2.30 2.82 72.22 21.9 0.76 100

95337

100

TOTAL

180147

100

4.3 MEDIUM PRESSURE SEPARATOR

Fig 4.3 Flow of material across medium pressure separator The amount of ammonia ,carbon-di-oxide ,water & biuret will remain constant as no reaction is taking place.

50 % of ammonia & carbon-di-oxide are assumed to escape from the top of the separator & rest goes with the bottom product. Amount of water & biuret remains constant as no reaction takes place. Table 4.3 Flow of material across medium pressure separator
INPUT MATERIAL NH3 CO2 UREA WATER BIURET FLOW RATE (Kg/hr) 1951 2392 61250 18593 624 % 2.3 2.82 72.22 21.9 0.76 MATERIAL NH3 CO2 UREA WATER BIURET Total Losses NH3 CO2 TOTAL 84812 100 OUTPUT FLOW RATE (Kg/hr) % 976 1196 61250 18593 624 82,639 975 1196 2171 1.18 1.44 74.11 22.49 0.78 100 44.91 55.09 100

4.4 LOW PRESSURE SEPARATOR

Fig 4.4 Flow of material across low pressure separator Remaining ammonia & carbon-di-oxide are assumed to escape from the top.

Table 4.4 Flow of material across low pressure separator
INPUT MATERIAL NH3 CO2 UREA WATER BIURET FLOW RATE (Kg/hr) 976 1196 61250 18593 624 % 1.18 1.44 74.11 22.49 0.78 MATERIAL OUTPUT FLOW RATE (Kg/hr) %

UREA WATER BIURET Total Losses NH3 CO2

61250 18593 624 80467 975 1196 2171

76.11 23 0.79 100 44.91 55.09 100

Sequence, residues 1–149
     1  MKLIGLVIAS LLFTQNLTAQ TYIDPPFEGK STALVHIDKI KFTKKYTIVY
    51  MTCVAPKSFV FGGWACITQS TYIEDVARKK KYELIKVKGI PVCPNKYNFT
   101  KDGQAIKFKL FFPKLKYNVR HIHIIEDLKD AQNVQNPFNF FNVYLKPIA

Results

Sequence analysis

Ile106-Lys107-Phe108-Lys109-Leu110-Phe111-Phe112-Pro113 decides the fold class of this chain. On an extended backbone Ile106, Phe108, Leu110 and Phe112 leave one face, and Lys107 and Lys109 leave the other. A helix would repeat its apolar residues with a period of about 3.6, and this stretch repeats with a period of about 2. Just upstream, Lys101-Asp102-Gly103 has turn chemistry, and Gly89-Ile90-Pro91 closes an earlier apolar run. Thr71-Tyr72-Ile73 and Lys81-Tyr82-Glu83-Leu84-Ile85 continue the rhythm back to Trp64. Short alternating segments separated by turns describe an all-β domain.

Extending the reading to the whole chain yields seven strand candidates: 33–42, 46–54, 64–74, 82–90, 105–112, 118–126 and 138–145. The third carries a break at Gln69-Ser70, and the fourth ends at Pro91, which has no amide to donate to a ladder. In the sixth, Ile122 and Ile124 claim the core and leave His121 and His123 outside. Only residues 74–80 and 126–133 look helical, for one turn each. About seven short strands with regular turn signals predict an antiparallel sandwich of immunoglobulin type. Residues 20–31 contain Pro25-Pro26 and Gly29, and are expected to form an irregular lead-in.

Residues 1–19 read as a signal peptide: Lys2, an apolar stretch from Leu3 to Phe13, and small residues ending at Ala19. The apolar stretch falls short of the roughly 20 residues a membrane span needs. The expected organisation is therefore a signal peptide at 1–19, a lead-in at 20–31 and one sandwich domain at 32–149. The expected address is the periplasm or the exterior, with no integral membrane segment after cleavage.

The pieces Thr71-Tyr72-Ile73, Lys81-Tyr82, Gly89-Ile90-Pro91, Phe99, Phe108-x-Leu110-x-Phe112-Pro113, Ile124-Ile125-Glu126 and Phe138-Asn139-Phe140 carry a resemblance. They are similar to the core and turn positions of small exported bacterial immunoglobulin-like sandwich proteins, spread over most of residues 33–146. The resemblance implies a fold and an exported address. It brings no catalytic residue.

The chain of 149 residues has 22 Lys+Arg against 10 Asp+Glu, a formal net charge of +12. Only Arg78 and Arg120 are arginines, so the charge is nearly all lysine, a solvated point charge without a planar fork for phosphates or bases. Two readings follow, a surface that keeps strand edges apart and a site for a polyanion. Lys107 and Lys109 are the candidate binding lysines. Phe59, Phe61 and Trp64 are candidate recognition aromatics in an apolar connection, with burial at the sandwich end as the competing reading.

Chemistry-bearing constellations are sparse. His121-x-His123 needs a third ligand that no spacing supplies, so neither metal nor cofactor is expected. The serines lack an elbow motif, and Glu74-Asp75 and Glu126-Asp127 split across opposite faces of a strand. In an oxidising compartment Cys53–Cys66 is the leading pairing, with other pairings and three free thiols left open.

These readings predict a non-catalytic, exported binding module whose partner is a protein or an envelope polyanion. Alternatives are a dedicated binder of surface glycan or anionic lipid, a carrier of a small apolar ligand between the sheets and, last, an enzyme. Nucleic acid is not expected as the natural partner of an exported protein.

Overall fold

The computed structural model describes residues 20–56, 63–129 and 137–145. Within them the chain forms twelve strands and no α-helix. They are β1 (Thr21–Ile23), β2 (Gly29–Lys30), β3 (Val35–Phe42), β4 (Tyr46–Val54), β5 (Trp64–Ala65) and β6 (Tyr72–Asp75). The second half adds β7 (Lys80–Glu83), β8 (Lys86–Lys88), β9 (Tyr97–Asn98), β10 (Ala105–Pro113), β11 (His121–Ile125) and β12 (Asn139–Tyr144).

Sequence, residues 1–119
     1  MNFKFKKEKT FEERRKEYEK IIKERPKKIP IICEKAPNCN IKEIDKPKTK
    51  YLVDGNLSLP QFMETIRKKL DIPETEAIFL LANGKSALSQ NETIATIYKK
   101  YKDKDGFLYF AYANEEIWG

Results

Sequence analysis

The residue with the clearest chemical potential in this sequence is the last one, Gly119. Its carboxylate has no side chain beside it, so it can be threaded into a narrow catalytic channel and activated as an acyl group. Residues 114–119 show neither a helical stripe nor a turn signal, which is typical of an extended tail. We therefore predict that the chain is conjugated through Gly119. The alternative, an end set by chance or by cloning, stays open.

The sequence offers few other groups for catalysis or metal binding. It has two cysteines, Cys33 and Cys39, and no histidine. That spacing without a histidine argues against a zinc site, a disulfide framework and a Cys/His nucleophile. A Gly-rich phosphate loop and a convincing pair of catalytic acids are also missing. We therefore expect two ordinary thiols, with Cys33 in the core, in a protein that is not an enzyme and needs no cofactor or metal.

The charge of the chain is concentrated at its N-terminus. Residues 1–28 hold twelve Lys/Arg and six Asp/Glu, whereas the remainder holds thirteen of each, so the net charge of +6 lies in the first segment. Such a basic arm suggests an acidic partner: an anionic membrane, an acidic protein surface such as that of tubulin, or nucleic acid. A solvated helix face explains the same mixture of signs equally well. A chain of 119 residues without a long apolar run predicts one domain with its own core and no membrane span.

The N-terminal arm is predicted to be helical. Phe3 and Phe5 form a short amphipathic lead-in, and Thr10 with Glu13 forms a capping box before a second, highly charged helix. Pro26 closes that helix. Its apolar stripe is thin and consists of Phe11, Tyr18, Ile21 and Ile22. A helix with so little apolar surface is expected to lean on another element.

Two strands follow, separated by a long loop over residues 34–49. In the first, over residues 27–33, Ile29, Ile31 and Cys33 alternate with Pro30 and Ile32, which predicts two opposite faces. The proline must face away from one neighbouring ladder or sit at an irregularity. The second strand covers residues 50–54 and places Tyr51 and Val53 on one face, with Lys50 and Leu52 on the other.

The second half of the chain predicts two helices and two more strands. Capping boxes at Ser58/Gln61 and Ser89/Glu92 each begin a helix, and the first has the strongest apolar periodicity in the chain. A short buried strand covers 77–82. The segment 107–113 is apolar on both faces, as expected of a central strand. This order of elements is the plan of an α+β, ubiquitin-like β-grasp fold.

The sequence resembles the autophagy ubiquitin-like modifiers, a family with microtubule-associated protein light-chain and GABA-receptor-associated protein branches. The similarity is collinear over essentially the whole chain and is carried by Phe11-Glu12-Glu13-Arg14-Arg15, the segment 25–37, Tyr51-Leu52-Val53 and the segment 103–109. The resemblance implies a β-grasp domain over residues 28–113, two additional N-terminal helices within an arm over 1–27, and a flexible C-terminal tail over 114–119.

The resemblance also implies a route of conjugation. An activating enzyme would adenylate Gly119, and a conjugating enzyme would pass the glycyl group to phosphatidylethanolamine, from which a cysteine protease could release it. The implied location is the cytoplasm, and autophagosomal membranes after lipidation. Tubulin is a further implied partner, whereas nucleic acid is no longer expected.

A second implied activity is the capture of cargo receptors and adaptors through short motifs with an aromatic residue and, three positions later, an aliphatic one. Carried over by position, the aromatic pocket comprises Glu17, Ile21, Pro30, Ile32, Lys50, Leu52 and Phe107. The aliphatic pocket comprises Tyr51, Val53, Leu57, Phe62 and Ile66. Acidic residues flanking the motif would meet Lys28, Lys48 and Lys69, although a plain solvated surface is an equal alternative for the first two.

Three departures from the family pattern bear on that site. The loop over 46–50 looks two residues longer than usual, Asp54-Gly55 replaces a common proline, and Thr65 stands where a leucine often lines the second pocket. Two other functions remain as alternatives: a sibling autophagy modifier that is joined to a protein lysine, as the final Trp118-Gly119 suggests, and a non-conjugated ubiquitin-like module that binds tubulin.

TOTAL

82639

100

4.5 VACUUM EVAPORATOR

Fig 4.5 Flow of material across vacuum evaporator Let x & y be the mass fractions of Urea in feed (F) & product (P) resp. x= 0.7611 y= 0.9788 Making urea balance: F.x = P.y 80467*0.7611 = P*0.9788 P = 62574 Kg/hr Overall material balance gives: F=P+E (76.11 %) (97.88 % )

80467 = 62574 + E E = 17893 Kg/hr
Table 4.5 Flow of material across vacuum evaporator
INPUT MATERIAL FLOW RATE (Kg/hr) % MATERIAL OUTPUT FLOW RATE (Kg/hr) %

UREA WATER BIURET

61250 18593 624

76.11 23.10 0.79

UREA WATER BIURET Total Losses WATER

61250 700 624 62574 17893

97.88 1.11 1.01 100 100

TOTAL

80467

100

4.6 PRILLING TOWER

Fig 4.6 Flow of material across prilling tower

Let x & y be the mass fractions of Urea in feed (F) & product (P) resp. x= 0.9788 y= 0.9796 Making urea balance: F.x = P.y 62574*0.9788 = P*0.9796 P = 62524 Kg/hr (97.88 %) (97.96 %)

Table 4.6 Flow of material across prilling tower
INPUT MATERIAL FLOW RATE (Kg/hr) % MATERIAL OUTPUT FLOW RATE (Kg/hr) %

UREA WATER BIURET

61250 700 624

97.88 1.11 1.01

UREA WATER BIURET Total Losses WATER

61250 650 624 62,524 50

97.96 1.11 0.93 100 100

TOTAL

62574

100

Chapter 5

Energy balance

ENERGY BALANCE
Assumption : Datum temperature = 0oC

5.1 REACTOR [5]

Fig 5.1 Energy flow across reactor INLET STREAM Material specific heat at 40oC 0.53 cal/gm oC = 2.219 Kj/KgoC 0.22 cal/gm oC = 0.9211 Kj/Kg oC specific heat at 180oC Carbamate 0.62 cal/gm oC = 2.596 Kj/Kg oC

NH3 CO2

Heat input mCp∆t NH3 : CO2 : Carbamate: Heat input = 4.959 x 107 3.6968 x 104 x 2.219 x 40 = 0.328 x 107 Kj/hr 4.7843 x 104 x 0.9211 x 40=0.176 x 107 Kj/hr 9.5336 x 104 x 2.24 x 180= 4.455 x 107 Kj/hr

Kj/hr

∆HR = - 31.32 Kcal/gm mol = -0.013 x 107 Kj/Kmol of Urea formed. Amount of urea formed during the reaction = 1020.83 Kmol/hr ∆HR = 1020.83 x 0.013 x 107 = 13.27 x 107 Kj/hr Kj/hr

OUTLET STREAM Material specific heat at 180oC 0.55 cal/gm oC = 39.15 Kj/KmoloC 0.23 cal/gm oC = 42.37 Kj/Kmol oC 0.62 cal/gm oC = 202.49 Kj/KmoloC 0.4828 cal/gm oC=121.32 Kj/KmoloC 1 cal/gm C
o o

mol fractions (x) Flow rate (Kmol/hr)

NH3 CO2 Carbamate Urea Water Biuret

0.033 0.0158 0.354 0.296 0.299 0.002

114.76 54.36 1222.3 1020.83 1032.94 6.07 Total = 3,451.3

= 75.37 Kj/Kmol C 183.8 Kj/KmoloC